Dental anxiety is something that many people suffer from. The thought of seeing a dentist for even the most routine procedures can cause panic in a lot of people. That stress and fear has unleashed a tremendous amount of dental myths to mollify dental woes.
Many of these myths have been spread like wildfire by word of mouth in our culture, so it’s often hard to tell what is fact and what is fiction. One thing that is the true, is that buying into these myths is putting your oral health at risk. People who believe in these are more apt to avoid proper dental care. It’s time to seek the truth about dental care myths and debunk them once and for all.
Myth #1 – BLEACHING YOUR TEETH IS DANGEROUS
Incorrect: The advanced technology that the dental world has access to today makes bleaching your teeth safe and with faster results. Past materials used to bleach teeth were acidic and caused the enamel to break down. Today the materials used for teeth bleaching are PH neutral and cause no damage to the tooth or enamel. Bleaching your teeth is simply oxidizing the enamel using carbamide peroxide. This causes the light to refract off of your teeth creating a whiter and brighter look. Be warned about high concentration bleaches, using them for prolonged periods of time can traumatize and shock the tooth. A little goes a long way.
Myth #2 – WHITER TEETH ARE HEALTHIER TEETH
Incorrect: Just because you are flashing some pearly whites, doesn’t mean that they are not hiding infection or cavities. Although the do show a sign of someone who wants to take care of their teeth, and often those with whiter teeth do have healthier mouths, there are many oral health problems that can be lurking along the gumline.
Myth #3 – THE MORE SUGAR YOU EAT, THE WORSE OFF YOUR TEETH
Perhaps: This one can come down to the fact that yes, sugar is bad for your teeth, but that is not what is actually hurting them. Sugar does cause bacteria to survive in the mouth, but with poor oral hygiene, you will experience the same decay. Processed sugars tend to cause a higher level of tooth decay.
Make sure you are brushing and flossing after eating sweet foods. This will help stop sugar from getting stuck in between your teeth, speeding up the decaying process. But overall, it’s not the sugar that is necessarily bad for you, it’s the oral hygiene habits that go along with sugar consumption.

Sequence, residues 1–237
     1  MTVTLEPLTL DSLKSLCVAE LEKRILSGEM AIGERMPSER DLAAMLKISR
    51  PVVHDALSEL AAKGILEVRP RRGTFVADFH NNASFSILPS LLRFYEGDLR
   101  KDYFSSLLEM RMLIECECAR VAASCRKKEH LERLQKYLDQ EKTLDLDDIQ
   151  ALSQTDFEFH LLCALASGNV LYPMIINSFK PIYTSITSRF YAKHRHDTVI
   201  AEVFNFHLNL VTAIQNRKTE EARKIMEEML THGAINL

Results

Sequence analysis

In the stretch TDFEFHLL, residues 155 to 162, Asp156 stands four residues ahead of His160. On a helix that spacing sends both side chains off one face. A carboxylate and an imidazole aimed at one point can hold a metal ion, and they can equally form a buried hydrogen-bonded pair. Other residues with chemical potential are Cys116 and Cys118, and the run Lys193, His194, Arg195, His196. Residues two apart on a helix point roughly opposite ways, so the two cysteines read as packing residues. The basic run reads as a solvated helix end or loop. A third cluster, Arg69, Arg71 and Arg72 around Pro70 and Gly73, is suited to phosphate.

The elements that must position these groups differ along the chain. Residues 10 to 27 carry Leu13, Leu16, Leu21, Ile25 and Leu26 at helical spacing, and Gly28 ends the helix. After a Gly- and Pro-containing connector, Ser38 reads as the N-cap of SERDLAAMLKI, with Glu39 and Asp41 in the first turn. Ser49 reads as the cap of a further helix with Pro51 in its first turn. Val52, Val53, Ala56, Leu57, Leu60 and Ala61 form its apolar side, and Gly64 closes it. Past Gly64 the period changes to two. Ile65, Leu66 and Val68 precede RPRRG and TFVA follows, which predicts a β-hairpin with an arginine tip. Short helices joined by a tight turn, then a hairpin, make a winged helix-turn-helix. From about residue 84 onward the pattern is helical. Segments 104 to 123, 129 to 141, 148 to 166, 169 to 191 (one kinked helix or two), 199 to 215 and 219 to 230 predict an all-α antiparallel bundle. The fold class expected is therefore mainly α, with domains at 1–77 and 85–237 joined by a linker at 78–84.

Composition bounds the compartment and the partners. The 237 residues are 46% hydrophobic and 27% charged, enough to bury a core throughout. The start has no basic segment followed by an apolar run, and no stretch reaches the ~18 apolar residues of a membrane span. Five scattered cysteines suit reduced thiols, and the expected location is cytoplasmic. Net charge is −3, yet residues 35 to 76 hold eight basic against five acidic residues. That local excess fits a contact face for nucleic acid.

Myth #4 – FLOSSING IS NOT IMPORTANT
Incorrect: There are plenty of nooks and crannies between your teeth and within the gum line that a toothbrush just can’t reach. Adding flossing to your daily routine can help combat gum disease and tooth decay. People who floss before they brush are more likely to get food particles out of those hard to reach places and avoid periodontal disease.
Myth #5 – PLACING AN ASPIRIN NEXT TO A TOOTH WILL ALLEVIATE PAIN
Not Quite: Aspirin was developed to work within the bloodstream. When pain comes from within the tooth structure, aspirin would have to penetrate the tooths enamel in order to eliminate the pain that comes from the nerve. This is why ingesting aspirin is way more effective than placing it in your mouth on the tooth that is sore. Overuse of aspirin or oral gels can also lead to burn symptoms of the gums, so use sparingly.
Myth #6 – BRUSHING YOUR BLEEDING GUMS IS BAD
Incorrect: Brushing is not just to give you pearly whites, brushing is good for your gums and tongue as well. Inflammation is caused by plaque buildup around the gum line, which eventually turns into periodontal disease. This is what causes the gums to bleed. However, regular brushing and flossing can help to remove it. Brushing your teeth at an angle, using a circular motion, will help to keep the tissue healthy.
With all the crazy information in the world about what is true or false when it comes to your dental hygiene, these 6 myths are among the biggest out there. If you are taking care of your oral health by brushing twice a day, flossing once a day, and regular dental visits, you should have great oral health for years to come.